How to hear more on a recording than normal ears can hear

Have you ever tried to transcribe a solo from a recording and you wished you could hear that guitar better in the mix than you actually did? Or did you ask yourself if there is chorus or not, or any other effects? Instead, the vocals, the bass, the drums, everything is louder than what you are trying to listen to, and for this reason you have no chance to hear what you want. Wouldn’t it be great to have a tool with which you can only hear that guitar alone, without the other instruments?

In fact this would be a dream for me, but such a thing does not exist, and despite all new technology maybe never will. But still there is something that sometimes does at least a bit of this and might help you to hear those things better – or at least to hear completely different – than you normally do: the Ingo Raven Super-miracle-transcriber-eliminator…

OK, let’s stop kidding, but in fact some years ago I accidentally came across something exactly like this: my headphones were damaged and for some reason I randomly heard everything completely different: some instruments totally disappeared, others were much louder, and I could hear guitar parts or notes that I didn’t really hear before. I examined what had happend and found a way to do exactly the same with any non-damaged headphones. What does this sound like. Well, listen for yourself:


Ever heard that over-dubbed guitar playing those chords in Southbound Again? – And that phrasing of the rhythm guitar in Skateaway? – A flanger on the reverb of the vocals in Calling Elvis! – Some notes never heard that clear on the riff in Setting me up – Listen to the thumb of the rhythm guitar on In the Gallery, and a Chorus in that “he couldn’t be” part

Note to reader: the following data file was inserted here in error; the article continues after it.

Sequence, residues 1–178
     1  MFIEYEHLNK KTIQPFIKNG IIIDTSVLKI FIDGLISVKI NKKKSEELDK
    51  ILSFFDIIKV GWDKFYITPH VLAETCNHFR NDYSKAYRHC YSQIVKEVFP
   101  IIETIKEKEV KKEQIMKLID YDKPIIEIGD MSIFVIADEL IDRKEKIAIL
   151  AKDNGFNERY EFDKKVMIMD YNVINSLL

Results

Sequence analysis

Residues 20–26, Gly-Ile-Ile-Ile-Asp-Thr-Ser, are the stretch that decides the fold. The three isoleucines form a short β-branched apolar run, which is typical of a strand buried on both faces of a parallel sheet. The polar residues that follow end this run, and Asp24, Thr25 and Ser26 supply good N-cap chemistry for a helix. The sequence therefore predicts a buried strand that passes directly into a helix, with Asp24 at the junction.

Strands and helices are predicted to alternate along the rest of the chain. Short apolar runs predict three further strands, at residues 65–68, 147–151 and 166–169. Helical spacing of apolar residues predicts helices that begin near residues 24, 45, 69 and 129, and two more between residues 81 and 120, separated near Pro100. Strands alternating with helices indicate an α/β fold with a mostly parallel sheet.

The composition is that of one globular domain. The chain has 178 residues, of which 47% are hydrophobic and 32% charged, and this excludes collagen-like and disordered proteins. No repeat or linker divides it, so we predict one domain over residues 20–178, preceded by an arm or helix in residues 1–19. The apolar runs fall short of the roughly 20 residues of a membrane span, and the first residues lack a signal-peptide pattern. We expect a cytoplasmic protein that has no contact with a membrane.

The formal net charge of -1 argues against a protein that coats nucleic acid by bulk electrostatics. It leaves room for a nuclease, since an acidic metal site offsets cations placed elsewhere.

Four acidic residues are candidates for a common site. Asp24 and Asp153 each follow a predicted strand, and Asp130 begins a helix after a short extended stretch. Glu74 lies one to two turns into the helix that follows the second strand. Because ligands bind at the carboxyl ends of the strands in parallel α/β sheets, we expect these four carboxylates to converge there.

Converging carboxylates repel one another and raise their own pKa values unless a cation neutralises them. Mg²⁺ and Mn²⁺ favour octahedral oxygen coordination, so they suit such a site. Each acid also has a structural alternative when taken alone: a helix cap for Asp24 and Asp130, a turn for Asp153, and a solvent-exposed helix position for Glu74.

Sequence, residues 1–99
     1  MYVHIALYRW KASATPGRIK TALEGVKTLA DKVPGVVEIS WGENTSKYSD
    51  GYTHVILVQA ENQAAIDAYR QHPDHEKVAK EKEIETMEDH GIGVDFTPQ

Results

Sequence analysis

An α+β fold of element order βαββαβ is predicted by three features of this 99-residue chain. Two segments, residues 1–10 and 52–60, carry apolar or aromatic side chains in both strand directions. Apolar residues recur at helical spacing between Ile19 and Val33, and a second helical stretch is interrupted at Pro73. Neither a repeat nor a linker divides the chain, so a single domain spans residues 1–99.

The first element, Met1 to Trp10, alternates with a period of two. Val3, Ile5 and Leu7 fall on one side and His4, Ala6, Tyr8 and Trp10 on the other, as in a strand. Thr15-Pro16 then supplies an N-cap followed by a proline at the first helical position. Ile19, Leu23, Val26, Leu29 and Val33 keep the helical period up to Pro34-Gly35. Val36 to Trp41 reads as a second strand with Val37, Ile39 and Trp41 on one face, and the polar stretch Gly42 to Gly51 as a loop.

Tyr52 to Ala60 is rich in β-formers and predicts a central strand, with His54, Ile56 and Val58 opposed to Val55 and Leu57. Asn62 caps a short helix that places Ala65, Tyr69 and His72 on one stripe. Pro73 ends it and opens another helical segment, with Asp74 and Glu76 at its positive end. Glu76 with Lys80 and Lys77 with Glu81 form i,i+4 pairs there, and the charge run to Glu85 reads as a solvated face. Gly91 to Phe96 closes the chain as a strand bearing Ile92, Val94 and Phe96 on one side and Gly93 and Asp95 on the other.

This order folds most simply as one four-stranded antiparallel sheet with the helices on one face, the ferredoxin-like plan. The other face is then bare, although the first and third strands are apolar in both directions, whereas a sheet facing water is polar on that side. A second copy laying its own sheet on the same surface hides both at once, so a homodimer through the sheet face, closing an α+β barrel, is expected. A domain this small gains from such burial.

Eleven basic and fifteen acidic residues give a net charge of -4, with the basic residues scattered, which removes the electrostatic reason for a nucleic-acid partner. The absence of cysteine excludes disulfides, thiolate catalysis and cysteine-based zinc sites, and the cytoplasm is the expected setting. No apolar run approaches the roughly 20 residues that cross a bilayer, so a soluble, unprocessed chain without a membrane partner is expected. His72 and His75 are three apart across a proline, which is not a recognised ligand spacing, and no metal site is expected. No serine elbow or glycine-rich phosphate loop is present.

I guess this should be similar to what some karaoke machines might do – but I have to admit I never really tried out one of these myself. Actually all signals that are exactly in the center of the stereo panorama are cancelled out – often just their reverb cloud remains because this is normally stereo -, while instruments that are rather on only the left or right stereo channel become much louder.

I tried to achieve the same with software plug-ins, I was sure that it should be posible, but the results I got so far did not convince me (however I admit I stopped after a few attempts). My tool is simply a headphone cable adaptor. Plug it into your stereo or mp3-player, your headphones into the adaptor, and you will hear it exactly like on the sound clip above.

If you want one of these, I can send you the adaptor for 9,95 € + postage (2€ within Europe, 4 € for the rest of the world). There is a version for large (1/4 ” /6,5 mm) or small (1/8 ” / 3.5 mm) phone jacks, or versions with mixed jacks (large to small or small to large jacks). Please email me at ingo(at) to tell me which version you want, and your address. I will send you a Paypal request then. If you don’t want to use Paypal we can try to find another solution.

3 thoughts on “How to hear more on a recording than normal ears can hear

  1. Hi Ingo, I think selling your custom equipment is a great way to go with this blog in terms of generating a little income. Have I read correctly that you have a few other custom devices up your sleeve? Anyway feel free to make any posts regarding this blog on the forum. I’m happy to see your fine input into MK’s neglected world (as regards learning his technique, tone, equipment and so on). Take care,

    Ben 😉

  2. Hi Ingo

    Not to spoil your buisness, but such a thing does in fact exist. Have you ever heard the new “JamVox”? That’s a guitarist wet dream in my opinion (but much more expensinve than your great tool)
    Just google jamvox, or search it on you tube

  3. Hi Ingo,

    have you tried subtracting the left channel from the right one in software? That should give you the effect you’re after.

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